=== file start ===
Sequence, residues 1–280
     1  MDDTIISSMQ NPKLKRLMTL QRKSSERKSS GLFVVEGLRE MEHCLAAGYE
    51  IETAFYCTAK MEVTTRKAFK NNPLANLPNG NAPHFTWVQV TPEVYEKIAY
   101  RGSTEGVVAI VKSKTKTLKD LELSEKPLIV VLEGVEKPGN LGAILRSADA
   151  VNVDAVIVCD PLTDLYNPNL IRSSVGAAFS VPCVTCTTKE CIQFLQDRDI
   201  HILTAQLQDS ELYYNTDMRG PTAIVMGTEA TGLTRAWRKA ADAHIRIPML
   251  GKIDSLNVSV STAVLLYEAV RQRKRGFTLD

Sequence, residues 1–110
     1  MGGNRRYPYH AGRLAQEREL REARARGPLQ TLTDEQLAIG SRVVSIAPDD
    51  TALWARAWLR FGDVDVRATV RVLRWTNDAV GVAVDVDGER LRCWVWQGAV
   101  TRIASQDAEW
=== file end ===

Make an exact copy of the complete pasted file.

Sequence, residues 1–280
     1  MDDTIISSMQ NPKLKRLMTL QRKSSERKSS GLFVVEGLRE MEHCLAAGYE
    51  IETAFYCTAK MEVTTRKAFK NNPLANLPNG NAPHFTWVQV TPEVYEKIAY
   101  RGSTEGVVAI VKSKTKTLKD LELSEKPLIV VLEGVEKPGN LGAILRSADA
   151  VNVDAVIVCD PLTDLYNPNL IRSSVGAAFS VPCVTCTTKE CIQFLQDRDI
   201  HILTAQLQDS ELYYNTDMRG PTAIVMGTEA TGLTRAWRKA ADAHIRIPML
   251  GKIDSLNVSV STAVLLYEAV RQRKRGFTLD

Sequence, residues 1–110
     1  MGGNRRYPYH AGRLAQEREL REARARGPLQ TLTDEQLAIG SRVVSIAPDD
    51  TALWARAWLR FGDVDVRATV RVLRWTNDAV GVAVDVDGER LRCWVWQGAV
   101  TRIASQDAEW